The Deadly Effects Of “Tougher Standards”: Challenging High-Stakes Testing and Other Impediments to Learning – (Lecture Topic)

THE DEADLY EFFECTS OF "TOUGHER STANDARDS":  Challenging High-Stakes Testing and Other Impediments to Learning The main effect "of the drive for so-called higher standards in schools is that the children are too busy to think," said John Holt in 1959. Today, an ill-informed version of school reform has been embraced by politicians, corporate executives, and journalists, all demanding "accountability," which ... Read More

Remember When We Had High Standards? Neither Do I (##)

 “In recent years, parents have cried in dismay that their children could not read out loud, could not spell, could not write clearly,” while “employers have said that mechanics could not read simple directions. Many a college has blamed high schools for passing on students…who could not read adequately to study college subjects; high schools . . . (Read More)

Teachers Describe the Harms of Test-Driven School Reform

To understand the true impact of raise-the-bar, close-the-gap “school reform” – the type demanded by corporate executives, imposed by politicians of both parties, and celebrated by pundits – you need to hear from the people who spend their days in real classrooms. Never mind that no credible evidence has ever shown that children benefit from high-stakes testing, . . . (Read More)

Teachers Who Refuse to Hand Out the Tests

What if they gave a test and nobody came? Or what if all the students came, but the teachers refused to give them a test? The civil rights movement succeeded not only because good laws were eventually passed (mandating desegregation) but because ordinary people refused to obey bad laws. Rather than just complaining about policies . . . (Read More)

The Trouble with Rubrics (#)

ENGLISH JOURNAL March 2006 -- vol. 95, no. 4 The Trouble with Rubrics By Alfie Kohn Once upon a time I vaguely thought of assessment in dichotomous terms:  The old approach, which consisted mostly of letter grades, was crude and uninformative, while the new approach, which included things like portfolios and rubrics, was detailed and authentic.  Only much later did ... Read More

State-Mandated Testing: Why We Opt Out

EDUCATION WEEK March 12, 2003 State-Mandated Testing: Why We Opt Out When it comes to testing mandates, we exercise our rights as parents to protect our children from activities not in their interests. By Catherine Ross Hamel & Fred L. Hamel When district- or state-mandated testing comes around in our children's public schools, we opt out. We inform our kids' ... Read More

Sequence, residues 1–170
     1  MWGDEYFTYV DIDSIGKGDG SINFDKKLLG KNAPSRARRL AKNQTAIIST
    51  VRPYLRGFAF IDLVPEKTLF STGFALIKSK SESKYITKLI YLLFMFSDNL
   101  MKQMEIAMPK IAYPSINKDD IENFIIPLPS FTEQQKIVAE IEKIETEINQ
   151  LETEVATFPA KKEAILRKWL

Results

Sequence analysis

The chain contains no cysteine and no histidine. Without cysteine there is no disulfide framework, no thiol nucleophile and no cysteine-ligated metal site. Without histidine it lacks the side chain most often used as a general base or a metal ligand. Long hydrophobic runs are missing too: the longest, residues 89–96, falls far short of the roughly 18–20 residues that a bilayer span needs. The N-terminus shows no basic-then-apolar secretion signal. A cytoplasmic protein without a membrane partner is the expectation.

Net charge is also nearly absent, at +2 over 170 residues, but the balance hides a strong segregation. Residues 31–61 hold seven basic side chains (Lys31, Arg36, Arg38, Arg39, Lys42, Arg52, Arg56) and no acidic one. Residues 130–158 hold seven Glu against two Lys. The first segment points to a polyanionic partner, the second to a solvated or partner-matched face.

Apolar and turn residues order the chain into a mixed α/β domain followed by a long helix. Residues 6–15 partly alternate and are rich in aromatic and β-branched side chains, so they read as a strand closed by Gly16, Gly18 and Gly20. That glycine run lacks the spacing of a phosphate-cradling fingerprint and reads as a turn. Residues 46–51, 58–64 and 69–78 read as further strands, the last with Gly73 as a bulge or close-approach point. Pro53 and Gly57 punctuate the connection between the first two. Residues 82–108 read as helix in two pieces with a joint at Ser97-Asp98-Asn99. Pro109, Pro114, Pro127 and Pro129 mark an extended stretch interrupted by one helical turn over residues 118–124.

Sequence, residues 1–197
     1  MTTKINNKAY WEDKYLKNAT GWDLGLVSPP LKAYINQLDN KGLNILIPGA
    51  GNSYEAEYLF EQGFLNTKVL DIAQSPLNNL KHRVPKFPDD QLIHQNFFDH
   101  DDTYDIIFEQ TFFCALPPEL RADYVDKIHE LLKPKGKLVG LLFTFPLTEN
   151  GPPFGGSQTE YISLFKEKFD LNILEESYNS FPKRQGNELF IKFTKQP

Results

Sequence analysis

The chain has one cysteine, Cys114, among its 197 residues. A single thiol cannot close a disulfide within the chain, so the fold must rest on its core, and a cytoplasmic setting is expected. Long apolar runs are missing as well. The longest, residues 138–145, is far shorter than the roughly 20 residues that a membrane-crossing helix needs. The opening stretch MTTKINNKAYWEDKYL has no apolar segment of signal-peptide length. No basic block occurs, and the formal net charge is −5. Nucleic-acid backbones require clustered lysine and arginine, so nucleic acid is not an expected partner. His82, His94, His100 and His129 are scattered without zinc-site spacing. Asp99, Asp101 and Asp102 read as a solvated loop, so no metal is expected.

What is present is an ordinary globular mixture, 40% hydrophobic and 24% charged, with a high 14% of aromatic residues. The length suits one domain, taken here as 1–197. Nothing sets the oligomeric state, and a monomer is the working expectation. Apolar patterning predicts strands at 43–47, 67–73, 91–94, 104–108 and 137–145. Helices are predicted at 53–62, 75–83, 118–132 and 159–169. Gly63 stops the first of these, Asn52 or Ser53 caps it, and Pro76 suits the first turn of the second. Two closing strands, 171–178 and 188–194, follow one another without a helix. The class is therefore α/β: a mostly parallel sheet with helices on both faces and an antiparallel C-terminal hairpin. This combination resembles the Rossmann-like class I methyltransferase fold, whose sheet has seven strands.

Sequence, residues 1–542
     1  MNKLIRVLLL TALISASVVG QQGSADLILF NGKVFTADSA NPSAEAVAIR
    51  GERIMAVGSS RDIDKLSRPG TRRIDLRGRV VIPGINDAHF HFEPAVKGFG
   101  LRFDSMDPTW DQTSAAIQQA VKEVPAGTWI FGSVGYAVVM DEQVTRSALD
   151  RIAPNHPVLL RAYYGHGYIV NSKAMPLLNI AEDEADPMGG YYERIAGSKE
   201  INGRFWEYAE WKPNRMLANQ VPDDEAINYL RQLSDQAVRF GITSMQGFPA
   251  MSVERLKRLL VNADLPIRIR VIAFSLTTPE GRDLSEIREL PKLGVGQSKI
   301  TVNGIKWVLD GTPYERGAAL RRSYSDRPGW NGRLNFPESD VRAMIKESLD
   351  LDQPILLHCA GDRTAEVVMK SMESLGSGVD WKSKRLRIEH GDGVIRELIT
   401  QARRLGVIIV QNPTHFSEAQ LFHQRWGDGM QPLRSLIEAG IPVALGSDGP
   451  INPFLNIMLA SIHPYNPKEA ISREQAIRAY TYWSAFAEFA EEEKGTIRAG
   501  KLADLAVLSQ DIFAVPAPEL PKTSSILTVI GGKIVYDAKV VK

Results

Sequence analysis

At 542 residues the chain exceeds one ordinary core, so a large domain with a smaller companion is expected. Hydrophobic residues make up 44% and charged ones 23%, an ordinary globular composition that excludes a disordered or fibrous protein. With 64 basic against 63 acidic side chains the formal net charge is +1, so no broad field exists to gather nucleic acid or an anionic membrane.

Requesting Testing

RETHINKING SCHOOLS Summer 2002 Requesting Testing By Alfie Kohn One of the most disturbing educational consequences of high-stakes testing has been the diminution or even elimination of activities that are not tested.  If it's not on the exam, it doesn't count - and so teachers feel they don't have the luxury of holding class meetings to promote democratic decision-making, or ... Read More

Teacher Won’t Administer CSAP Tests

DENVER POST Jan. 27, 2001 Teacher Won't Administer CSAP Tests By Percy Ednalino Jan. 27, 2001 - A middle-school teacher in Greeley said Friday that herefuses to administer the Colorado Student Assessment Program tests to his students because they clash with his beliefs as an educator. This is the first time a teacher has refused to administer the tests, officials ... Read More

Standardized Testing and Its Victims (**)

EDUCATION WEEK September 27, 2000 Standardized Testing and Its Victims By Alfie Kohn Standardized testing has swelled and mutated, like a creature in one of those old horror movies, to the point that it now threatens to swallow our schools whole. (Of course, on "The Late, Late Show," no one ever insists that the monster is really doing us a ... Read More

The Insanity of Testing Mania

GREENSOBORO [N. CAROLINA] NEWS & RECORD June 11, 2000 The Insanity of Testing Mania By Irv Besecker In Lewis Carroll’s Alice in Wonderland, Alice falls into a hole and alternately grows larger and then smaller. As she grows larger, she cannot find her feet, which is when she forgot proper grammar and remarked that things were getting "curiouser and curiouser." Carroll ... Read More